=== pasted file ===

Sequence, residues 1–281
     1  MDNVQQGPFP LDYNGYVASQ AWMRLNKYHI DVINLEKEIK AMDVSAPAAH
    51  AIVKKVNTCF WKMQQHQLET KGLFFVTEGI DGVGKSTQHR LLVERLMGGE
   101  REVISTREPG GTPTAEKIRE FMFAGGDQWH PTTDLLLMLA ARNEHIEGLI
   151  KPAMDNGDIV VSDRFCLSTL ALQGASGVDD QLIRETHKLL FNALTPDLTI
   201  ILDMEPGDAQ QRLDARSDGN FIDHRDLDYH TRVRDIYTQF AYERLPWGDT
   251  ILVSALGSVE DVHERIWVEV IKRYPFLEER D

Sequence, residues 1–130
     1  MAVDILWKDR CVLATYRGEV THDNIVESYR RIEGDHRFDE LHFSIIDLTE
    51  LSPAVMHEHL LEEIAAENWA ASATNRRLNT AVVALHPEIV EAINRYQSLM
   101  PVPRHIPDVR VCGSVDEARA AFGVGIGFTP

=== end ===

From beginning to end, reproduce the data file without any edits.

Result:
Sequence, residues 1–281
     1  MDNVQQGPFP LDYNGYVASQ AWMRLNKYHI DVINLEKEIK AMDVSAPAAH
    51  AIVKKVNTCF WKMQQHQLET KGLFFVTEGI DGVGKSTQHR LLVERLMGGE
   101  REVISTREPG GTPTAEKIRE FMFAGGDQWH PTTDLLLMLA ARNEHIEGLI
   151  KPAMDNGDIV VSDRFCLSTL ALQGASGVDD QLIRETHKLL FNALTPDLTI
   201  ILDMEPGDAQ QRLDARSDGN FIDHRDLDYH TRVRDIYTQF AYERLPWGDT
   251  ILVSALGSVE DVHERIWVEV IKRYPFLEER D

Sequence, residues 1–130
     1  MAVDILWKDR CVLATYRGEV THDNIVESYR RIEGDHRFDE LHFSIIDLTE
    51  LSPAVMHEHL LEEIAAENWA ASATNRRLNT AVVALHPEIV EAINRYQSLM
   101  PVPRHIPDVR VCGSVDEARA AFGVGIGFTP